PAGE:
Because of the large disparity between current year and pre-pandemic enrollment numbers, particularly at Brownsville Elementary, where more than 100 fewer students are currently enrolled as compared with 2019-20, the post-redistricting capacities in this new view were startling. For instance, if the planned number of students (245) were moved under Scenario 3 given the enrollment levels at Crozet Elementary during 2019-20, then the school would have been at 97% of its newly expanded capacity.
The new data shifted the thinking of committee members toward considering more conservative (smaller) numbers of students to redistrict. “[This] just makes me slightly concerned if a couple of things happen,” said Jojo O’Loughlin. “If, one, we recover the number of students that we lost due to Covid quickly, and also development happens at a brisker pace than maybe has been the case for that area of Crozet, then my worry is just that we might hit close to capacity [at Crozet], or over capacity, in the short term.”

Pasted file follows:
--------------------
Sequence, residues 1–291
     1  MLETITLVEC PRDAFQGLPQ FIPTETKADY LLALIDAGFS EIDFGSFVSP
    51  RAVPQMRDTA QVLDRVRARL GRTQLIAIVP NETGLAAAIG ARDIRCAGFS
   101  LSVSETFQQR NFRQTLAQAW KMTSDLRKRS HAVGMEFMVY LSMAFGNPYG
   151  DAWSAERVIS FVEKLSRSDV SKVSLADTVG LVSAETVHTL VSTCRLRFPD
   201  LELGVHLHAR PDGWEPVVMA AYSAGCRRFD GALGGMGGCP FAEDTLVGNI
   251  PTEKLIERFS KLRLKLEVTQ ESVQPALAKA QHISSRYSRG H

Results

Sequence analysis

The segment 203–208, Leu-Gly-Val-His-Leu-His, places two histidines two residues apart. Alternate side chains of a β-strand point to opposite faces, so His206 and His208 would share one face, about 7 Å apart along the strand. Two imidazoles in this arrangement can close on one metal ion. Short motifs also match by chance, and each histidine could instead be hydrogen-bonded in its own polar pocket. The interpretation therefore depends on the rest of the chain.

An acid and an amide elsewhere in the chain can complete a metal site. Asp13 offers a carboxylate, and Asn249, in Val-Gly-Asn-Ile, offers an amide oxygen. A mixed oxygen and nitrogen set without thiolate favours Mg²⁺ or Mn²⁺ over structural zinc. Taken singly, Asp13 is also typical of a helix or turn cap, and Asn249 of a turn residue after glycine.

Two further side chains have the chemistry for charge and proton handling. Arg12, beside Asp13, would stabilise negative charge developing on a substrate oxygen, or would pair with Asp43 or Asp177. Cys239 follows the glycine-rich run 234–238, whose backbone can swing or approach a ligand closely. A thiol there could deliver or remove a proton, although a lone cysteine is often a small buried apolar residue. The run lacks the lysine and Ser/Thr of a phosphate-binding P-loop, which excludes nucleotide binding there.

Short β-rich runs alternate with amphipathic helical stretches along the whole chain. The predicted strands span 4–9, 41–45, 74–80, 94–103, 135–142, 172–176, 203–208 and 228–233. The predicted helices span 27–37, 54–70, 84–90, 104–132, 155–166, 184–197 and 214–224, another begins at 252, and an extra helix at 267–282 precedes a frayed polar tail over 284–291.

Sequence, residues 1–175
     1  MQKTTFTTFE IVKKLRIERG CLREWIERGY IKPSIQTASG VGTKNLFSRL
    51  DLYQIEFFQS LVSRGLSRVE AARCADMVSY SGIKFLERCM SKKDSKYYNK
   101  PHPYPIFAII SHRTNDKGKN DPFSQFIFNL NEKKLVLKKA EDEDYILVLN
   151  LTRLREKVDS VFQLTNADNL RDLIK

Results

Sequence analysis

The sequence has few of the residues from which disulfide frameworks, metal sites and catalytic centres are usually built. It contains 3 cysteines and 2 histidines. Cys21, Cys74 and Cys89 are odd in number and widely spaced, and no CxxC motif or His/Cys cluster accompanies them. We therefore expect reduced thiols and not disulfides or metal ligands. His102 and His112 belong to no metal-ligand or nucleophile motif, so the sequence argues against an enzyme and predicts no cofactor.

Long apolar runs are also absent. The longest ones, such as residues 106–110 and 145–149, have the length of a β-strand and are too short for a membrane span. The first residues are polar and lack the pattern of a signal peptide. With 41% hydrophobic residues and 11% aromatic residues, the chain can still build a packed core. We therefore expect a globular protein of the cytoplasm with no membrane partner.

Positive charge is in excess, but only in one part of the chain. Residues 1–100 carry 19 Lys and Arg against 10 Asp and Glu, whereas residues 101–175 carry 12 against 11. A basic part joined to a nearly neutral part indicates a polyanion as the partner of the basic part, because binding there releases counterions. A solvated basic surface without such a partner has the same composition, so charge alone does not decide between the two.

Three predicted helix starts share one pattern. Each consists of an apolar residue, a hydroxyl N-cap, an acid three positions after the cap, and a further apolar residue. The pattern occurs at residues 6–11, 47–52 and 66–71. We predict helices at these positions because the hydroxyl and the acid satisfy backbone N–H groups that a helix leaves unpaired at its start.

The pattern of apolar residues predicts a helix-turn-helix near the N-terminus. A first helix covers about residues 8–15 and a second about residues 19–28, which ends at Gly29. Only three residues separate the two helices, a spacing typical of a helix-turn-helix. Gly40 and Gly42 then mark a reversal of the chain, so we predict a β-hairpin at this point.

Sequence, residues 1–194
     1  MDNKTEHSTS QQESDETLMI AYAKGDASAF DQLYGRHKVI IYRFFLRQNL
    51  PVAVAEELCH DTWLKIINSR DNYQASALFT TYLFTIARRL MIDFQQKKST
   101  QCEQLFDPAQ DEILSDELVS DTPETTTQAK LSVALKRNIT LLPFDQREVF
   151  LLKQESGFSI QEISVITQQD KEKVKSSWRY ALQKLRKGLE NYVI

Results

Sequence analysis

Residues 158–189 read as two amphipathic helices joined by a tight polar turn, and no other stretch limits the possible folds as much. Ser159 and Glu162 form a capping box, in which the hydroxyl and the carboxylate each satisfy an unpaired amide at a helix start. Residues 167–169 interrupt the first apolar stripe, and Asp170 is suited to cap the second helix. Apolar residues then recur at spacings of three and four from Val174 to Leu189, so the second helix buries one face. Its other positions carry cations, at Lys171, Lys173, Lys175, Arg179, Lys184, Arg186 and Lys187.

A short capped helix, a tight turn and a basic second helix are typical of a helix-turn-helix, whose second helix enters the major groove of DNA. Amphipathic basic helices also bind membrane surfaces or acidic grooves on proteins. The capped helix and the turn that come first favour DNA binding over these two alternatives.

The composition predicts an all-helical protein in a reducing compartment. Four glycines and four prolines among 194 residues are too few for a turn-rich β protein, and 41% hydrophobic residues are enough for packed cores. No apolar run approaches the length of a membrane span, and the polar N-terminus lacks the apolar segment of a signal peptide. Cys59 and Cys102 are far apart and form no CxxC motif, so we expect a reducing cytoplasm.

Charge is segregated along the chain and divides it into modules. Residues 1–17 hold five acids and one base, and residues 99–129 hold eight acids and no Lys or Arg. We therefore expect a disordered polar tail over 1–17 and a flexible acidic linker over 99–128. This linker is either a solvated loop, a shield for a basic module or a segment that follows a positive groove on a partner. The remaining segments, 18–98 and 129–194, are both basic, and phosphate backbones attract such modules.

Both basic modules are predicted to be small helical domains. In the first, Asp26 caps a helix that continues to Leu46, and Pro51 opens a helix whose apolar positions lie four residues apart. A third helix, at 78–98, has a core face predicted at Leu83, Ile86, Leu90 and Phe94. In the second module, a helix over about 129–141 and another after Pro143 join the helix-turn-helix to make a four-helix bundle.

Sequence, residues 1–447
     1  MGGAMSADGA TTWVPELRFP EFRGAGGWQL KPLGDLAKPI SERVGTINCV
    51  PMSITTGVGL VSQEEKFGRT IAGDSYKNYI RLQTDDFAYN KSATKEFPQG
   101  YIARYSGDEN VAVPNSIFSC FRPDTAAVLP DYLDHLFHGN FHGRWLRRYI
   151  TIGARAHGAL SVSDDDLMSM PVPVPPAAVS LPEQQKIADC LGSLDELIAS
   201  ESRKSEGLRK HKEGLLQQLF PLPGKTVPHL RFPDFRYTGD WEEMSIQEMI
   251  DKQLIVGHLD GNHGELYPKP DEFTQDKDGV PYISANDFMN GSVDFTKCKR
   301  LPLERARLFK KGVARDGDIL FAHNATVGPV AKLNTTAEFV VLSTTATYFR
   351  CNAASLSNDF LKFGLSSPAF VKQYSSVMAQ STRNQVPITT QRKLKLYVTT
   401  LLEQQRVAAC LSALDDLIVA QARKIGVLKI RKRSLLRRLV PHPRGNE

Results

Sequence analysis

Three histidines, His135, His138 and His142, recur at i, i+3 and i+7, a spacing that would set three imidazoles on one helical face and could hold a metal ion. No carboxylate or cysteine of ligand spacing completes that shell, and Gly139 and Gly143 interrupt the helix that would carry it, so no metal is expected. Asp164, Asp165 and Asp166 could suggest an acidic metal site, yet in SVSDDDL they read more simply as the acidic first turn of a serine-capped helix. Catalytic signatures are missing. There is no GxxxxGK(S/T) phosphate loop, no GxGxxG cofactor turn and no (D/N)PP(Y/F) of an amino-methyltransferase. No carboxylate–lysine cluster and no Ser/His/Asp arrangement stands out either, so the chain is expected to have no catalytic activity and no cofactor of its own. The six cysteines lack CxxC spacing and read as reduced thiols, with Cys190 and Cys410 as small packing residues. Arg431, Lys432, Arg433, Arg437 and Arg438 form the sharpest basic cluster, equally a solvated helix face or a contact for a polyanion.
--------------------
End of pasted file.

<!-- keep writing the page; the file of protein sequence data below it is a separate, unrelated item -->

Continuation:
McLaughlin agreed and noted other future uncertainties. “Those kids may come back next year, or they may not come back for three, four, or five years,” he said. “Same thing with development. You can see what the planned developments are [in Crozet]. But we don’t know if the economy is going to get really robust and speed up, or the bottom is going to drop out and it’s going to stop. So, it’s really a challenge to try to predict the type of growth with real accuracy.”
Committee member Christine Koenig suggested that the new projection data might lead the discussion to focus on only the scenarios with lower numbers of redistricted students. “I feel like we’re operating under kind of different assumptions [than we had] for all the other meetings,” said Koenig. “And now we are to the point where we kind of changed that. So, I think that we should maybe look at only the scenario with the next lowest number [of students moved].”
Other members agreed, and a motion to eliminate scenarios 3 and 4.1 (which moved 272 students and led the adjusted 2019-20 capacity at Crozet Elementary to exceed 100%) passed unanimously. The committee also reviewed data from an emailed community survey that garnered about 250 responses. Scenario 2.1, which included moving students from areas along Crozet Avenue including Chesterfield Landing, where students can currently walk to Brownsville, had over 20% of respondents describe themselves as “dissatisfied” with that option.